Drug Testing in Child Custody Cases


Divorce proceedings can become contentious, especially when the court needs to determine who will be granted custody of any children involved. A common way that a parent may attempt to secure custody rights is to prove that the other parent cannot provide the best situation for the children, which can include submitting a court order to request drug testing.

California Family Code section 3041.5 states that, “the court may order any person who is seeking custody of, or visitation with, a child who is the subject of the proceeding to undergo testing for the illegal use of controlled substances and the use of alcohol.”

Just because your spouse requests drug testing, it is up to the judge to determine whether or not there is enough evidence to warrant the test. This evidence can include: a conviction for the illegal possession or use of a controlled substance within the past five years; frequent, continual, or habitual use of a controlled substance; frequent, continual, or habitual use of alcohol.

In many cases, if your spouse requests that you be tested, it may be in your best interest to request that they be tested as well. If the court determines that there is enough evidence to warrant a drug test, they will follow the testing standards created by the U.S. Department of Health and Human Services for federal employees and require you to submit a urine sample. Urine testing has limitations, so you and your spouse may agree to a more thorough test of nail or hair follicles.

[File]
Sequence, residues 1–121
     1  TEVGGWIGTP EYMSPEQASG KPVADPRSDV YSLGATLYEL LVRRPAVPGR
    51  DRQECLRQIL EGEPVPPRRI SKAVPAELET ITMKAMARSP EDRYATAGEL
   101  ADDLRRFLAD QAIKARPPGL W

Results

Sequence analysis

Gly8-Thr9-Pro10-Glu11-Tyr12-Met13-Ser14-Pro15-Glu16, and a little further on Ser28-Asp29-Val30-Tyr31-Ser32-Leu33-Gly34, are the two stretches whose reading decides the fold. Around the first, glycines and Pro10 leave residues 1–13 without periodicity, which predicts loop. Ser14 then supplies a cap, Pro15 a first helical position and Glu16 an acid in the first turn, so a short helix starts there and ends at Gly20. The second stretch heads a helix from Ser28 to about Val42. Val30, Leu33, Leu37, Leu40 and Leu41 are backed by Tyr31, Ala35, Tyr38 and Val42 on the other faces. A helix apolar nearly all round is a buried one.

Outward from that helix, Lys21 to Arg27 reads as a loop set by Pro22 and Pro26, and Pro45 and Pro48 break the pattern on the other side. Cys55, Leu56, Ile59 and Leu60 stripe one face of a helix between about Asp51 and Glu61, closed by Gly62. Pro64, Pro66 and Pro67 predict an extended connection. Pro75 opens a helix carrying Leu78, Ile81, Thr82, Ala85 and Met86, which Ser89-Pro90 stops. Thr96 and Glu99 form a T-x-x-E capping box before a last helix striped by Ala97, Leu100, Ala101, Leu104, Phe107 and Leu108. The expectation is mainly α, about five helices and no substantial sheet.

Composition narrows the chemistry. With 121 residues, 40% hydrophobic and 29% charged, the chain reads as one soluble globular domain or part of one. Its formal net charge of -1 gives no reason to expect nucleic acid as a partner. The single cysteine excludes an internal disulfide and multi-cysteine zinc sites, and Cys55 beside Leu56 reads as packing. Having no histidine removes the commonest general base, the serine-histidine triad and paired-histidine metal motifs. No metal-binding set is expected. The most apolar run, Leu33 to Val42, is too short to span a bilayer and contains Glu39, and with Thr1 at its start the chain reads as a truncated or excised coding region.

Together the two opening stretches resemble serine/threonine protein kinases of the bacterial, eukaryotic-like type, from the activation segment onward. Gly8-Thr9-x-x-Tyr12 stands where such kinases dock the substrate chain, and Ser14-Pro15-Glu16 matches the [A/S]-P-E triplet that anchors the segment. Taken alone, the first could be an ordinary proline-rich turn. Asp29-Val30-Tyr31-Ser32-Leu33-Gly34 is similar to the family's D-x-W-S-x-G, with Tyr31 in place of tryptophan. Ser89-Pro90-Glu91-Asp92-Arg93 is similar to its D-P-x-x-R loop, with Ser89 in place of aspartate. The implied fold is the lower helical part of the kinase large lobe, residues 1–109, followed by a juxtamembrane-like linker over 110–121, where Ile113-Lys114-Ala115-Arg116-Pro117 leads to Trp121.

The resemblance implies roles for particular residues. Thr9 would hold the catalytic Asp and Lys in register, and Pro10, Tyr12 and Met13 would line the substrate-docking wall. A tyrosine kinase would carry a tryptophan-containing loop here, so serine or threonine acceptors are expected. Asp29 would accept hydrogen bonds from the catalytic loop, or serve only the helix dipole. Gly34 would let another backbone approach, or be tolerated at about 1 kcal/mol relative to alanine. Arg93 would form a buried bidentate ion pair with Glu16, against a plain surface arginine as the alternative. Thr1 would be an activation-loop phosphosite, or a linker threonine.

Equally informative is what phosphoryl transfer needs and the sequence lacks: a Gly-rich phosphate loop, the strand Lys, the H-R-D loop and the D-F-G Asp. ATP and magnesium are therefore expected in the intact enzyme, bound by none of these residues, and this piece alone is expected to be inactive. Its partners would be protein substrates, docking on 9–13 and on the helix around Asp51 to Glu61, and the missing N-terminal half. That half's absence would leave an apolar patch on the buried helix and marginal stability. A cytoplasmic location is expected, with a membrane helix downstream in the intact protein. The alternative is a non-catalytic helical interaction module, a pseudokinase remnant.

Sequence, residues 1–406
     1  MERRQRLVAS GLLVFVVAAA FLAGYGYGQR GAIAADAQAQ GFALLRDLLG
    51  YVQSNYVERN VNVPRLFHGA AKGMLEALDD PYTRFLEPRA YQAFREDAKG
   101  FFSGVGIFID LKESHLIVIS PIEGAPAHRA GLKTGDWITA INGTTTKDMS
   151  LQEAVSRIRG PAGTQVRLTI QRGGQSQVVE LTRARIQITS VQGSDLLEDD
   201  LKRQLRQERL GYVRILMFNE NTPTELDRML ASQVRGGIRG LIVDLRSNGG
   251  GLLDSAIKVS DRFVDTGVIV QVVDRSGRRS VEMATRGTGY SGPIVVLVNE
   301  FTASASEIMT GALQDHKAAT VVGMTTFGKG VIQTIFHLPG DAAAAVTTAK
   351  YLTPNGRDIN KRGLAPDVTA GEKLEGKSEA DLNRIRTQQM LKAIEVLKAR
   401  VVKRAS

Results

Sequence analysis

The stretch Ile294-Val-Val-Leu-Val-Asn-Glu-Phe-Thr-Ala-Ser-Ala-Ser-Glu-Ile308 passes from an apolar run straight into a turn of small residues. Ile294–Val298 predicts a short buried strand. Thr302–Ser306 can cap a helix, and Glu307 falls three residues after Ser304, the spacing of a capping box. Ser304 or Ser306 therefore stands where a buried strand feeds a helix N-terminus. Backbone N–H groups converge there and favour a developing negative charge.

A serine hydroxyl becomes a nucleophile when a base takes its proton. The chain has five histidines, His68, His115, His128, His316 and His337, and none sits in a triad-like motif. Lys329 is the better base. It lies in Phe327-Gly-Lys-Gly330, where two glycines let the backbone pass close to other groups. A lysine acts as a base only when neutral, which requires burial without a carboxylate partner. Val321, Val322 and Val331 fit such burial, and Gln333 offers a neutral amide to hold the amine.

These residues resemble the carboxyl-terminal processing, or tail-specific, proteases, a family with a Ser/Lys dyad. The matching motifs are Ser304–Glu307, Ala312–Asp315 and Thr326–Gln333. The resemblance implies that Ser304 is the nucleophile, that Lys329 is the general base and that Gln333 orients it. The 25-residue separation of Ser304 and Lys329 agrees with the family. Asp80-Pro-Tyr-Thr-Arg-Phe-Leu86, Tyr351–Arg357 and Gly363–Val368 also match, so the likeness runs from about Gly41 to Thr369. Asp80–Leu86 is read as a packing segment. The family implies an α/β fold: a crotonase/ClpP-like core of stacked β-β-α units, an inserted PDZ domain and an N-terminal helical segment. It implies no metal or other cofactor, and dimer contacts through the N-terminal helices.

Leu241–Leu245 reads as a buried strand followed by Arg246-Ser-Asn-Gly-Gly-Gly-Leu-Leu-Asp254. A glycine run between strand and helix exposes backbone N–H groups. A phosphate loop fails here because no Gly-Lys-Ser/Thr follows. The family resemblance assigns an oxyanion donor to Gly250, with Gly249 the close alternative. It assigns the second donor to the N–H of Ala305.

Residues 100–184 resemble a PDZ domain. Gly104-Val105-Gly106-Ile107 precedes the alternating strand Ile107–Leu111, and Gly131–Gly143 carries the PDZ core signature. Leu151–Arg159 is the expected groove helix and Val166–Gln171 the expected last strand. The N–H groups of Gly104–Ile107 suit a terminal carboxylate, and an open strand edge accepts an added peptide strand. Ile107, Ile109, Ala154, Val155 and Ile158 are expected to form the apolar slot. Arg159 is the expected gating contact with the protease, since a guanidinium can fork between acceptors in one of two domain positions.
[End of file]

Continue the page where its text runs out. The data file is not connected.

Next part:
In case of a positive test result, under California Family Code, anyone who has undergone drug testing has the right to challenge a positive test result in a hearing. Even if the positive result is upheld, it “shall not, by itself, constitute grounds for an adverse custody or guardianship decision. Determining the best interests of the child requires weighing all relevant factors.”

All test results will be confidential, and the record will be sealed in the court file. Until the authorized study is complete, the only people who will have access are you, your spouse, your attorney, the Judicial Council, and anyone granted express written consent by the court after notifying all parties involved. Breaching this confidentiality can be punished by civil sanctions of up to $2,500, and the results may only be used to determine the best interests of the children when making a custody ruling.

Divorce cases, especially when children are involved, can be complicated and contentious affairs. Our divorce attorneys at Family Law Advocacy Group are confident in their ability to provide you with the legal guidance required to fight for the outcome you need and deserve. Contact us today to set up a free case consultation.

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